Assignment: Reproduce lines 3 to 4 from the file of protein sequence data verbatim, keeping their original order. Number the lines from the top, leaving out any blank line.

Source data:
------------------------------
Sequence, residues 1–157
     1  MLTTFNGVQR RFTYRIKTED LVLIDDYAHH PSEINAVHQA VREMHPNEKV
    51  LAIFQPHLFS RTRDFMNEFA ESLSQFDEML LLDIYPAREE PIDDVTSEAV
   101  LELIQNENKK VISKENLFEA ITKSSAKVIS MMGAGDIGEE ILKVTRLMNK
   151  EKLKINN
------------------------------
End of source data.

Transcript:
    51  LAIFQPHLFS RTRDFMNEFA ESLSQFDEML LLDIYPAREE PIDDVTSEAV
   101  LELIQNENKK VISKENLFEA ITKSSAKVIS MMGAGDIGEE ILKVTRLMNK